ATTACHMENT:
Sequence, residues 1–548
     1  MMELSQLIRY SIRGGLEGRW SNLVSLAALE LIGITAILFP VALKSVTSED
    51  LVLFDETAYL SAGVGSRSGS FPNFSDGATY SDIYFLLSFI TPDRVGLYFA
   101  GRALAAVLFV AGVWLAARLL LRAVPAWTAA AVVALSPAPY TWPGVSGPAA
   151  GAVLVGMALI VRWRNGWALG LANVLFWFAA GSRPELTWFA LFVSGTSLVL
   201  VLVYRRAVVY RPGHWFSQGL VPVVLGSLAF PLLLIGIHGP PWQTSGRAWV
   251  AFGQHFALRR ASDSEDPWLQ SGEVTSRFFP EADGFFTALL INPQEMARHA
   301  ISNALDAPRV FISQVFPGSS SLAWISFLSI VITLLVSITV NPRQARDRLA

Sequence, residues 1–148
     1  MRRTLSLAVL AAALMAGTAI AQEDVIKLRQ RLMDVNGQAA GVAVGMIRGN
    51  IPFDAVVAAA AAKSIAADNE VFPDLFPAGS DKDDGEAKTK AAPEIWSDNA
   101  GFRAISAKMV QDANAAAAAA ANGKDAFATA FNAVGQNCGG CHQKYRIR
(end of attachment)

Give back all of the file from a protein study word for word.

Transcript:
Sequence, residues 1–548
     1  MMELSQLIRY SIRGGLEGRW SNLVSLAALE LIGITAILFP VALKSVTSED
    51  LVLFDETAYL SAGVGSRSGS FPNFSDGATY SDIYFLLSFI TPDRVGLYFA
   101  GRALAAVLFV AGVWLAARLL LRAVPAWTAA AVVALSPAPY TWPGVSGPAA
   151  GAVLVGMALI VRWRNGWALG LANVLFWFAA GSRPELTWFA LFVSGTSLVL
   201  VLVYRRAVVY RPGHWFSQGL VPVVLGSLAF PLLLIGIHGP PWQTSGRAWV
   251  AFGQHFALRR ASDSEDPWLQ SGEVTSRFFP EADGFFTALL INPQEMARHA
   301  ISNALDAPRV FISQVFPGSS SLAWISFLSI VITLLVSITV NPRQARDRLA

Sequence, residues 1–148
     1  MRRTLSLAVL AAALMAGTAI AQEDVIKLRQ RLMDVNGQAA GVAVGMIRGN
    51  IPFDAVVAAA AAKSIAADNE VFPDLFPAGS DKDDGEAKTK AAPEIWSDNA
   101  GFRAISAKMV QDANAAAAAA ANGKDAFATA FNAVGQNCGG CHQKYRIR